This new car weighs in at $99,611. Standard are 21-inch alloys, three-zone climate control, a 10-speaker stereo, ambient interior lighting, a comprehensive safety package, reversing camera, around-view cameras, front and rear parking sensors, auto park, keyless entry and start, nappa leather interior, active cruise control, electric heated front seats, sat nav, auto LED headlights, auto wipers, an electric (foot-wavey) tailgate, a wireless hotspot, Audi's 'Virtual Cockpit' digital dash and a space-saver spare.
The media system is Audi's MMI system, which is displayed on the 8.0-inch screen perched on the dash. Controlled by a rotary dial or a touchpad just in front of the dial, it's also got Apple CarPlay and Android Auto as standard. The sound is good and it's even better if you go for the $5600 'Technik package', which adds a 19-speaker Bang & Olufsen system, head-up display and the brilliant Matrix LED headlights, all of which we had on our test car. While $5600 isn't messing about, it's a fair bit of stuff, especially when you consider the Matrix LEDs alone cost half of that on some Audis.
Engine & trans
All Porsche Cayenne Coupe engines feature an all-alloy construction, and direct-injection, with the cylinders arranged in a vee - the Coupe and S featuring six, the Turbo and Turbo S E-Hybrid, eight. Outputs range from properly powerful to utterly outrageous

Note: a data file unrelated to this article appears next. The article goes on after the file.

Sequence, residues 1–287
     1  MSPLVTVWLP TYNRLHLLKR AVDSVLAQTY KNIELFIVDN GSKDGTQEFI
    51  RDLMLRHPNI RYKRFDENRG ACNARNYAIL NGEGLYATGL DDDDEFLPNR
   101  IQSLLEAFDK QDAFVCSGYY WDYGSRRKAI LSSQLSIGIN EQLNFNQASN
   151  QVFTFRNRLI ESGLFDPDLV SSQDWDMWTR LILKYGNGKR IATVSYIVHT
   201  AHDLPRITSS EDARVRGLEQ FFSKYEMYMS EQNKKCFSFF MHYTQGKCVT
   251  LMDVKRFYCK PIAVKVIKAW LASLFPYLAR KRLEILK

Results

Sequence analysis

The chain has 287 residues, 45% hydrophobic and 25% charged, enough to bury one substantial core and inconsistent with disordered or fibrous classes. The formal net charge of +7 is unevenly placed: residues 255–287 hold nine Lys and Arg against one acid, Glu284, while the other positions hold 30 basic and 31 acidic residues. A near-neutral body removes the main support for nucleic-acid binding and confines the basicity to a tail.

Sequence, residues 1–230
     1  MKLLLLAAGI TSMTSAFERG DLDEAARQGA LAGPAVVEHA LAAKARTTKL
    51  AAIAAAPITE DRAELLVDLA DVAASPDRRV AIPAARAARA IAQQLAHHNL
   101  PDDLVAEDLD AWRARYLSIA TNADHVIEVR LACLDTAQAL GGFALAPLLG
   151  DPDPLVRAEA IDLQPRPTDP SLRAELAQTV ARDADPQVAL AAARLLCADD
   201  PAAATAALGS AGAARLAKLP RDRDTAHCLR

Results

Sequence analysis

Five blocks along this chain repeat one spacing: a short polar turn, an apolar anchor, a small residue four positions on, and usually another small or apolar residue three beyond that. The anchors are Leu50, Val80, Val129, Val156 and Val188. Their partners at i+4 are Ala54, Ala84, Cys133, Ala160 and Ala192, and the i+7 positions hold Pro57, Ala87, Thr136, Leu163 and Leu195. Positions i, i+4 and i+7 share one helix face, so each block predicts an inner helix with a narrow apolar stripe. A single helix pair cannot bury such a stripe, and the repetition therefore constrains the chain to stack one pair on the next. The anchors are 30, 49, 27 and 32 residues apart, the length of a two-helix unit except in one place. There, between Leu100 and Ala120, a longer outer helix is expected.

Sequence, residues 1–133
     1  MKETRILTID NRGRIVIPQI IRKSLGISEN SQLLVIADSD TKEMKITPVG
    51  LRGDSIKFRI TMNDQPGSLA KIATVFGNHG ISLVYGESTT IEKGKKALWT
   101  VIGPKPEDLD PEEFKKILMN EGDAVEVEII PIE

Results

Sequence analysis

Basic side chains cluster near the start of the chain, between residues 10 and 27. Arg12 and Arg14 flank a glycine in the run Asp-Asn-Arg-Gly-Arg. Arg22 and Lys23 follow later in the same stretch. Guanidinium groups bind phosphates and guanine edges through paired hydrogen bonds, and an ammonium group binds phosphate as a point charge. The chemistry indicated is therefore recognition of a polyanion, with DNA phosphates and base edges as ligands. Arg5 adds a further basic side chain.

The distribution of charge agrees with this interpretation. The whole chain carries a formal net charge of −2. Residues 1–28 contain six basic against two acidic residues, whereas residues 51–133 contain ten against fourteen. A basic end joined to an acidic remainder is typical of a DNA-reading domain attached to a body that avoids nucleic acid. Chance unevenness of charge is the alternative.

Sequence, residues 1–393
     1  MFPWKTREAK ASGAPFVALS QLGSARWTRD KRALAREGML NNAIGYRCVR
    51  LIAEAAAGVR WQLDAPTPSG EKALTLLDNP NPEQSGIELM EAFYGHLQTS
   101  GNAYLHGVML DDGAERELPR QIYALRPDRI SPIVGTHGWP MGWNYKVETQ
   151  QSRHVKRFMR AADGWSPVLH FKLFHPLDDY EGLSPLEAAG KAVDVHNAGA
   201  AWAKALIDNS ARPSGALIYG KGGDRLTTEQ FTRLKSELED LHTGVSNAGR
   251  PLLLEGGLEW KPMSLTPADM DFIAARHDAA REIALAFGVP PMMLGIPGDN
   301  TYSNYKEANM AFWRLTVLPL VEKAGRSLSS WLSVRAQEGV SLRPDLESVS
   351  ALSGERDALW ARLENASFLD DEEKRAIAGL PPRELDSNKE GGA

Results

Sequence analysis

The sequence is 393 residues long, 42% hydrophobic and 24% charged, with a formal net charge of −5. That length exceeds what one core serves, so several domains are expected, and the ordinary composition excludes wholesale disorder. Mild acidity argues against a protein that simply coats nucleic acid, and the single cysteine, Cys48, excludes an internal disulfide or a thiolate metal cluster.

The Cayenne Coupe is powered by a 3.0-litre (single, twin-scroll) turbo V6 featuring 'VarioCam Plus' (variable valve timing and lift on the inlet side) to produce 250kW/450Nm.
The Big Kahuna Turbo S E-Hybrid precisely doubles the base car's peak numbers. Yep, 500kW (670hp!) and 900Nm.
Central location of the V8's twin-scroll counter-rotating turbos in the inner 'hot V' (between the cylinder banks) optimises packaging and improves throttle response by shortening shortens the length of the exhaust plumbing to the turbos and the distance compressed air travels back to the intake side of the engine.
Iron coating of the cylinder linings and a chrome nitrite finish on the piston rings is claimed to improve durability and reduce oil consumption by up to 50 per cent compared to Porsche's previous 4.8-litre naturally aspirated V8.